For some people going to the grocery store to buy their fruit and veggies just won’t do. They take the whole “farm-to-table” movement to a deeper level. They’re locavores. Demanding their produce be local (like grown within blocks of where they live), organic, and of course sustainable. They want a more intimate relationship with their foodstuffs and the farmers who grew and harvested it.
This year Mia Vaughnes and her boyfriend and business partner Walter Sandford, launched a new venture, an innovative trend of “urban” gardening. They call their company Good Neighbor Gardens and the two refer to themselves as modern-day “sharecroppers”.
“Urban sharecropping” is the hippest new way to eat local. It’s great for homeowners who lack free time or gardening skills to team up with would-be farmers. The two find each other and make arrangements that enable both sides to share resources and get fresh food.
Vaughnes and Sanford are akin to matchmakers–connecting the landless with those who have space to grow food. They’ve developed an enterprise where they plant vegetables for their Hillcrest, San Diego neighbors (in back yards or planter boxes, whatever the space will yield) and then they harvest the yield and sell and deliver it to those who want fresh produce.
Using traditional 40 x 80 size standard or custom made planter boxes, Good Neighbor Gardens, helps “landowners” decide what should be planted, equip the planter boxes with the appropriate drip lines to manage irrigation, plant using 100% chemical free soil and fertilizers, and finally reap what they sow.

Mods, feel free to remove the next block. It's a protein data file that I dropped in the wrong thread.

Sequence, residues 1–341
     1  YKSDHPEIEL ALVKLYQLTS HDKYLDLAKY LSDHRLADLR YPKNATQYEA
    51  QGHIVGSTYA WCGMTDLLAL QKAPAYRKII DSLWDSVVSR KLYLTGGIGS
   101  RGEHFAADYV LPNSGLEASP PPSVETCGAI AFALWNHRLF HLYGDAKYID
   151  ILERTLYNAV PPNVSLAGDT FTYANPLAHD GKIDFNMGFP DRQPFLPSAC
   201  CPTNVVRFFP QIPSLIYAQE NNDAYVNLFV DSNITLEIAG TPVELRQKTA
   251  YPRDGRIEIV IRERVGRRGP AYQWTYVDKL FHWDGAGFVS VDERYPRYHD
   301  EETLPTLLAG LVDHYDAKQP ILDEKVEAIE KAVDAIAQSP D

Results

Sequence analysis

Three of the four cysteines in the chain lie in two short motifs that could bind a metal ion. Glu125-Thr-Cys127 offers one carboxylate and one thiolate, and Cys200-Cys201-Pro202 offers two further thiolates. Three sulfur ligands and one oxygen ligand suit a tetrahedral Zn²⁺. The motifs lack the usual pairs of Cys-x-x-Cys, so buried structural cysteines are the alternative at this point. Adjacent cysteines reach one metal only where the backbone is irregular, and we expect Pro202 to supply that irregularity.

The idea behind garden-sharing began in cities, among people who wanted to grow fruit and vegetables to eat but didn’t have the time, space or confidence.
Good Neighbor Gardens, say their business was born out of their personal experiences growing veggies. They say their own bounty was so plentiful, they didn’t know what to do with all they were able to successfully grow. “You don’t need a lot of land, but people still want fresh and organic veggies. We had so much and we didn’t want to throw it away. You can’t eat it all yourself,” Vaughnes says.
Essentially the food sharing concept like this: One neighbor donates his/her land for the growing. They’re called the “gracious neighbor”. The “good neighbor” then pays $35 per week for a fresh delivery of the locally grown food. “Back yard farm to a front door friend” is the phrase Vaughnes and Sanford use.
“It’s not so much about profit at this point. It’s more an issue of following an ethic. Going back to the way we used to live for the maximum benefit of everyone in the community. It saves the land and conserves water. I feel like it’s a God-given inspiration for me to do this kind of project,” Vaughnes says.
If you’re interested in finding out more about have Good Neighbor Gardens help you grow or receive fresh produce: